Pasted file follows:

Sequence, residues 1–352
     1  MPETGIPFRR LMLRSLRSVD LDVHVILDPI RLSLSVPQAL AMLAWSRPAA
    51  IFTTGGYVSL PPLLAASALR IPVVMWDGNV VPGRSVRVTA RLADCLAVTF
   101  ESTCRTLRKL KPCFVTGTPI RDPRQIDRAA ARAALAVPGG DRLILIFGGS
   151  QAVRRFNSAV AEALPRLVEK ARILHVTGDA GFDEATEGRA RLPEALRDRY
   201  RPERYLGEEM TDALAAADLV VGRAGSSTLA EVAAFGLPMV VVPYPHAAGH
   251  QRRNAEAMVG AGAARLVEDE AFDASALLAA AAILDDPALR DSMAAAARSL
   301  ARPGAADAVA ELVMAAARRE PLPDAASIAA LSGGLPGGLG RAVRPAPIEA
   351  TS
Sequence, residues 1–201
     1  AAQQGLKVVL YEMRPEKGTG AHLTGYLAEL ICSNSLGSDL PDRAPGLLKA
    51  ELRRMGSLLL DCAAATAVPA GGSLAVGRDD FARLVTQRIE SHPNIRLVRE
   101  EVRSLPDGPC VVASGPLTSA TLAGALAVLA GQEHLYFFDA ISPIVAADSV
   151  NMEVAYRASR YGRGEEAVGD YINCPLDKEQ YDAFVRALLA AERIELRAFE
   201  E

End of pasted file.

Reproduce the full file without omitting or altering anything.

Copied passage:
Sequence, residues 1–352
     1  MPETGIPFRR LMLRSLRSVD LDVHVILDPI RLSLSVPQAL AMLAWSRPAA
    51  IFTTGGYVSL PPLLAASALR IPVVMWDGNV VPGRSVRVTA RLADCLAVTF
   101  ESTCRTLRKL KPCFVTGTPI RDPRQIDRAA ARAALAVPGG DRLILIFGGS
   151  QAVRRFNSAV AEALPRLVEK ARILHVTGDA GFDEATEGRA RLPEALRDRY
   201  RPERYLGEEM TDALAAADLV VGRAGSSTLA EVAAFGLPMV VVPYPHAAGH
   251  QRRNAEAMVG AGAARLVEDE AFDASALLAA AAILDDPALR DSMAAAARSL
   301  ARPGAADAVA ELVMAAARRE PLPDAASIAA LSGGLPGGLG RAVRPAPIEA
   351  TS
Sequence, residues 1–201
     1  AAQQGLKVVL YEMRPEKGTG AHLTGYLAEL ICSNSLGSDL PDRAPGLLKA
    51  ELRRMGSLLL DCAAATAVPA GGSLAVGRDD FARLVTQRIE SHPNIRLVRE
   101  EVRSLPDGPC VVASGPLTSA TLAGALAVLA GQEHLYFFDA ISPIVAADSV
   151  NMEVAYRASR YGRGEEAVGD YINCPLDKEQ YDAFVRALLA AERIELRAFE
   201  E